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CNHP - Dawson, Sir John William - Pictou, NS
Posted by: Groundspeak Premium Member BK-Hunters
N 45° 40.626 W 062° 42.614
20T E 522567 N 5058212
Quick Description: First President of the Royal Society of Canada and principal of McGill University from 1855 to 93, John Dawson was a Pictou native, born there in 1820.
Location: Nova Scotia, Canada
Date Posted: 12/8/2018 1:53:18 PM
Waymark Code: WMZNJB
Published By: Groundspeak Premium Member Weathervane
Views: 0

Long Description:
On the north side of Pictou's Church Street, a couple of dozen feet east of George Street, is a small hillside rock garden, the rear of which is surrounded by a stone wall. In the centre is a concrete monument consisting of two steles forming a 90 degree corner. On each front face is a CNHP plaque, one each for father and son John and George Dawson.

A man of many letters, John Dawson was a leading geologist, palaeontologist, author, educator, office holder, publisher, and editor. A short biography of Sir William is below.

SIR JOHN WILLIAM DAWSON 1820 - 1899

William Dawson, one of the foremost Canadian scholars of his generation, was born at Pictou. After studies at Edinburgh and work with the geologist Lyell, he returned to become first Superintendent of Education for Nova Scotia (1850-53). For almost forty years (1855-93) as Principal and Professor of Natural History at McGill University he exercised a profound influence on Canadian education and science. A founding member and first President of the Royal Society of Canada (1882), Dawson was knighted in 1884. Sir William's extensive scientific writings gained him an international reputation. He died at Montreal.
Sir John William Dawson
Dawson, Sir John William, geologist, principal of McGill (b at Pictou, NS 13 Oct 1820; d at Montréal 19 Nov 1899). The first Canadian-born scientist of worldwide reputation, Dawson personally created most of the 19th-century foundations of the 20th-century Canadian scientific community. Educated in Pictou, Nova Scotia, and Edinburgh, Scotland, as a geologist, then the most advanced branch of applied science, Dawson became superintendent of education for NS in 1850 and principal of McGill in 1855. Over the next 38 years, he built McGill into one of the world's leading universities; he taught 20 hours a week, published 20 books, formed the ROYAL SOCIETY OF CANADA, became the only individual ever to preside over both the American and the British Associations for the Advancement of Science, and was knighted in 1884 for his public services. His son, G.M. DAWSON, was director of the GEOLOGICAL SURVEY OF CANADA.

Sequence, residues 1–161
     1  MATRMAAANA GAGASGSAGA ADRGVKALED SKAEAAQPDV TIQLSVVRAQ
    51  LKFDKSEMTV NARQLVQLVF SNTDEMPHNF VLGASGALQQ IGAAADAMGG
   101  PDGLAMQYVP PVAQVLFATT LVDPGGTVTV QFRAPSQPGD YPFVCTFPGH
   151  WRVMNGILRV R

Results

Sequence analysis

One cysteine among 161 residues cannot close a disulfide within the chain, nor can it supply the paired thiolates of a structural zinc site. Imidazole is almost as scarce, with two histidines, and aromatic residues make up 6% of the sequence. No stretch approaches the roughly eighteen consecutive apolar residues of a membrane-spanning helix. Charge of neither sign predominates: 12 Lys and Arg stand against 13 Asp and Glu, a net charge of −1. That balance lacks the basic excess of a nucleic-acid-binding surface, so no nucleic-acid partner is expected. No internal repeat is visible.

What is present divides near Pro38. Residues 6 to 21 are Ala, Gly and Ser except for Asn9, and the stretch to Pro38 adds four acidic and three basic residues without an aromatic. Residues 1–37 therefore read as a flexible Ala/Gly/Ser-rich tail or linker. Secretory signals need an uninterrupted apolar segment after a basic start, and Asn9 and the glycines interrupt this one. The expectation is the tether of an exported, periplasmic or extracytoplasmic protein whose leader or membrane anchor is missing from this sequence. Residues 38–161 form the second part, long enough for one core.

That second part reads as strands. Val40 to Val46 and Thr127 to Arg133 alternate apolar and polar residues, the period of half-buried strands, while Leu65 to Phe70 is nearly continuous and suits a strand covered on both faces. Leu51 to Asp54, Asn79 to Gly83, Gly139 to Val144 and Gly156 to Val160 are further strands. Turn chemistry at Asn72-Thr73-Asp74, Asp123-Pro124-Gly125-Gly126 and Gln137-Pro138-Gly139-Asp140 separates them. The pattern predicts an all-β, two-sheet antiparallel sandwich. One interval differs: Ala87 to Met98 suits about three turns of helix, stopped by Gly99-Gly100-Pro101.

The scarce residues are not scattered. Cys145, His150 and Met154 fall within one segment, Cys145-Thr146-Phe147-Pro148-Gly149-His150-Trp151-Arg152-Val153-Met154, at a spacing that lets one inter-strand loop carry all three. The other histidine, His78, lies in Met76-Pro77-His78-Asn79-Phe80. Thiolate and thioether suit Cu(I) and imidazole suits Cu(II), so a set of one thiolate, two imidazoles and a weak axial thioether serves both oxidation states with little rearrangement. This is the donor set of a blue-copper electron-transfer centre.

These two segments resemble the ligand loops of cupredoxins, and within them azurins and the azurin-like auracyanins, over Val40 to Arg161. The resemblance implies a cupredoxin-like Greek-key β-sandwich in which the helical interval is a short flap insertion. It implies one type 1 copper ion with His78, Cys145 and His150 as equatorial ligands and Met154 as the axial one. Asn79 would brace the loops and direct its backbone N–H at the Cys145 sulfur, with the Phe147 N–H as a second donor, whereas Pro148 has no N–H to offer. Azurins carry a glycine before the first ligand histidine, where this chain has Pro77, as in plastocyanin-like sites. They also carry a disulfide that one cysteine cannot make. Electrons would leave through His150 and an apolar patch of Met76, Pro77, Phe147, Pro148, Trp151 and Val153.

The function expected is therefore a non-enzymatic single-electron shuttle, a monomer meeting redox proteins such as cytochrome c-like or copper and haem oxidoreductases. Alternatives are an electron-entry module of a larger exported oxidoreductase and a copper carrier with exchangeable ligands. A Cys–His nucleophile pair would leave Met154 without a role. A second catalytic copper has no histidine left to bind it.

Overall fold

Principal Dawson's career spanned the transformation of science from a fixed curriculum of "natural philosophy" to an array of professional disciplines focused on research. Like his predecessors, he wrote on subjects from farming to philanthropy, but he also earned a solid reputation as a geologist, equally at home on a cliff, chipping out samples, or in his study, synthesizing and interpreting the processes of geological time. He was the leading expert of his day on early FOSSIL PLANTS and took special pride in his identification as a coral of Eozoon canadense, thought to be the oldest nonplant fossil known: always controversial, it was not for another 50 years that Eozoon was shown to be a rare crystal formation rather than a living animal.

Principal Dawson's career spanned the transformation of science from a fixed curriculum of "natural philosophy" to an array of professional disciplines focused on research. Like his predecessors, he wrote on subjects from farming to philanthropy, but he also earned a solid reputation as a geologist, equally at home on a cliff, chipping out samples, or in his study, synthesizing and interpreting the processes of geological time. He was the leading expert of his day on early FOSSIL PLANTS and took special pride in his identification as a coral of Eozoon canadense, thought to be the oldest nonplant fossil known: always controversial, it was not for another 50 years that Eozoon was shown to be a rare crystal formation rather than a living animal.
From the Canadian Encyclopaedia

Photo goes Here

Classification: National Historic Person

Province or Territory: Nova Scotia

Location - City name/Town name: Pictou

Link to Parks Canada entry (must be on www.pc.gc.ca): [Web Link]

Link to HistoricPlaces.ca: Not listed

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